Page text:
Tuesday came and went like many other days in Northwest Iowa, it was windy, the sun was shining and it got warmish, a typical day for early September.
But those who remember things, moments in time that became moments of history, also remembered a Tuesday morning in September, 11 years ago. The weather was much the same, a sunny day, very comfortable temperatures.
Shortly before 9 a.m. in New York City, that sunny September morning became Black Tuesday. The sunny skies outside Washington D.C. also turned dark soon after, and in a field outside a small community in Pennsylvania, darkness in the form of smoke soon filled the air as well.
The unthinkable - four commercial airliners - turned into weapons of destruction against the United States - airliners filled with ordinary people - men, women, children, just like you and me, used by people with a different vision of right and wrong - destroying the twin towers of the World Trade Center, damaging and killing people at the Pentagon, and then became a tribute to people fighting back against those who tried to take control, the first battle in what would be called the War against Terrorism.
A year ago, the tenth anniversary of the September 11 attacks, I spent the entire night watching re-broadcasts of the news accounts of that day in our nation's history. The video of the second jetliner slamming into the second tower of the World Trade Center, and then the horrifying video of the collapse of the first tower, and then the second. The massive cloud of dust and debris that simply overwhelmed lower Manhattan after the towers fell.
I remember the disbelief in the voices of the commentators, grasping for the words as their minds struggled like ours, to comprehend the sheer enormity of what our eyes were seeing. It was sobering on the evening of Sept. 11, 2001. On Monday night, a documentary about some of the last people to escape the second tower before it collapsed aired on TV, and I found myself remembering things about that day, and my own thoughts of the attack, and what it meant.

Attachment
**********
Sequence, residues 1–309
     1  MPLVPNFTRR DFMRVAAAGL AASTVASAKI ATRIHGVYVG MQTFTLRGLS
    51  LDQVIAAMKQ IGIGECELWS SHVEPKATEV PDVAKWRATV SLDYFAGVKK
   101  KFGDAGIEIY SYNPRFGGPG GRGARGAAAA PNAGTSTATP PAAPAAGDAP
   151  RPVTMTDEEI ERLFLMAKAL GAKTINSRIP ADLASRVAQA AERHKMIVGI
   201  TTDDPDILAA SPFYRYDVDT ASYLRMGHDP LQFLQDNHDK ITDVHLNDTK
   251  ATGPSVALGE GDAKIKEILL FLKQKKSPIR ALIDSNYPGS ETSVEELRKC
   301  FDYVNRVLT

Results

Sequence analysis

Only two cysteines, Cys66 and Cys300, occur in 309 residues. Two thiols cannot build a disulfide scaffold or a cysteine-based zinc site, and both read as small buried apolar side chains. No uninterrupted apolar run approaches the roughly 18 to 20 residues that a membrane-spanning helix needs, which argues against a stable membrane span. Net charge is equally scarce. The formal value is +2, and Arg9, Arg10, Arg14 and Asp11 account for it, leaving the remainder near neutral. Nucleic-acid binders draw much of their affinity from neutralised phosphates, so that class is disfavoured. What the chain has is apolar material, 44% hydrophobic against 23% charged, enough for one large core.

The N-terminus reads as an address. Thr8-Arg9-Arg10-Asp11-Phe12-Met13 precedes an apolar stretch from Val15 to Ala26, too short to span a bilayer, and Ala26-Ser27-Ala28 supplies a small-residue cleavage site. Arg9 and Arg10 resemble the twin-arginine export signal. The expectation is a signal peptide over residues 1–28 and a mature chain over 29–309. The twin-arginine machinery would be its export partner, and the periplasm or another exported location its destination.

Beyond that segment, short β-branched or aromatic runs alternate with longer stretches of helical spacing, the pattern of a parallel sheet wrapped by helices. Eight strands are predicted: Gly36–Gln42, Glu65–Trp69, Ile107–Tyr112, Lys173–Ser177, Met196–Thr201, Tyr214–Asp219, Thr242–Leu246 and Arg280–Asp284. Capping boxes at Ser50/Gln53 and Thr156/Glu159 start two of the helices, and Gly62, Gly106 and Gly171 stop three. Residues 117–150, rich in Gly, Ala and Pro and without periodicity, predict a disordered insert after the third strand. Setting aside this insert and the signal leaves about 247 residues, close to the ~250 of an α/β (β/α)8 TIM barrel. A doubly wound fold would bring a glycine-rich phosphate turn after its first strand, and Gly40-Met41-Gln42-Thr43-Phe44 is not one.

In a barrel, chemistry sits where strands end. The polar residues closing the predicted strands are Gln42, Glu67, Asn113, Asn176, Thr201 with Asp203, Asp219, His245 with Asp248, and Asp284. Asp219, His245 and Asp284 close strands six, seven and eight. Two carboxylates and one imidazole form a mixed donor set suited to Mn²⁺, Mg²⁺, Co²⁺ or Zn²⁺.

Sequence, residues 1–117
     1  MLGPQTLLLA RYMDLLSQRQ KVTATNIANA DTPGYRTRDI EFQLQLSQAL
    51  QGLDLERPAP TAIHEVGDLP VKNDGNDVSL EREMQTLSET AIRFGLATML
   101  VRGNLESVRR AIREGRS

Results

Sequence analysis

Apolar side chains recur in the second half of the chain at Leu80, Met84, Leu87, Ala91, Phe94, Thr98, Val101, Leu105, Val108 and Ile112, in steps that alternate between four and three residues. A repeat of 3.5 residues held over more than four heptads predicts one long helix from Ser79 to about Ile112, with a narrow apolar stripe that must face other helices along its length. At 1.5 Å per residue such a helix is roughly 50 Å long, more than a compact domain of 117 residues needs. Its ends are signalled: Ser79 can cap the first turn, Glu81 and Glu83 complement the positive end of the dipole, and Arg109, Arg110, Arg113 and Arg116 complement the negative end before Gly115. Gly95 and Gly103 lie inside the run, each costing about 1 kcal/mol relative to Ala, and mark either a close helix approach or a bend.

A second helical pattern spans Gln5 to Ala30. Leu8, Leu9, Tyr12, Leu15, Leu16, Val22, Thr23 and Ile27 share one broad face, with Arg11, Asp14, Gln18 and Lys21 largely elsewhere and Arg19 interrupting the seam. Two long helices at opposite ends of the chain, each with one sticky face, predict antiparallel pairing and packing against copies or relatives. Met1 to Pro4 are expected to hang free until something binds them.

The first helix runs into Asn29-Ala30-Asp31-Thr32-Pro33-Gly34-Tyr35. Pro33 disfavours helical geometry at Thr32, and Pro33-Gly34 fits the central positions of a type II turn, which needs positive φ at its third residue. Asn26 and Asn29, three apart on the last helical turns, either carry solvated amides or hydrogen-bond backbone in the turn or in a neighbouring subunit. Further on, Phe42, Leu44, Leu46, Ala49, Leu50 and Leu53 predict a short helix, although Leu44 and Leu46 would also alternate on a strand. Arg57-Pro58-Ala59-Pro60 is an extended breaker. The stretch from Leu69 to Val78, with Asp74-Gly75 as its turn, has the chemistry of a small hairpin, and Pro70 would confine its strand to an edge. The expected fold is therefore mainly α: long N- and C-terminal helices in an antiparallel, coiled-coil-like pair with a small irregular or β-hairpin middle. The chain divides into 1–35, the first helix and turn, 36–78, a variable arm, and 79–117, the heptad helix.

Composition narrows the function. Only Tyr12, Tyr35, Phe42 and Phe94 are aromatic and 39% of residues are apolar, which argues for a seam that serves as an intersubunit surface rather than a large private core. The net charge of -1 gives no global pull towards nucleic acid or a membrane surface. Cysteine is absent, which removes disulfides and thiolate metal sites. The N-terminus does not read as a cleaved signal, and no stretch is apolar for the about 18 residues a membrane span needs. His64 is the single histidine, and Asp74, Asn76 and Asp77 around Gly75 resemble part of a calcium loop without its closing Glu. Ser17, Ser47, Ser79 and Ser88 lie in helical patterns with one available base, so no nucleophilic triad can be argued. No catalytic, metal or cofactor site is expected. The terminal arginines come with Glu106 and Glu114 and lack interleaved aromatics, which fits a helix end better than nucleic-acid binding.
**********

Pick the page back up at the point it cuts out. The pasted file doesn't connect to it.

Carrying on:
In the days after Sept. 11, the nation and the world learned how devastating the attacks had been - not only the lives lost on the four airliners, but the lives lost at the Pentagon and in the World Trade Center. And then, there were the lives of those who answered the first calls for help on that sunny morning. The police officers, federal agents, firefighters and emergency medical personnel and others who entered the twin towers as they burned, unaware that in less than 90 minutes from the time they had been struck, that the buildings would collapse into piles of rubble.
Hundreds of public safety personnel sacrificed their lives that day, trying to protect and serve those who were in danger, in harms way and in need of help. And, there were civilians who helped round up their co-workers, guide them from the buildings, and then returned to find more co-workers and friends.
In 11 years, the rubble is gone, construction on a new ?World Trade Center tower is underway on the same spot as the original towers. A memorial service is held every year on Sept. 11 at the site, and the names of those who perished are read in tribute and remembrance. The Pentagon was repaired, and a memorial has been erected in the farm field outside Shanksville, Pennsylvania. Remembrances are held at those locations as well every year on Sept. 11.
Tuesday morning, flags were flown at half-staff throughout the state as a gesture of remembrance to those who became casualties of war.
There are many moments in our nation's history that are dark moments, but our country has been able to persevere and continue, learning from the setback and moving forward. We need to all take a moment to reflect, and to renew our commitment to continue to move forward in our everyday lives. The best tribute to those who perished on Sept. 11, 2001, is to never forget that moment in history.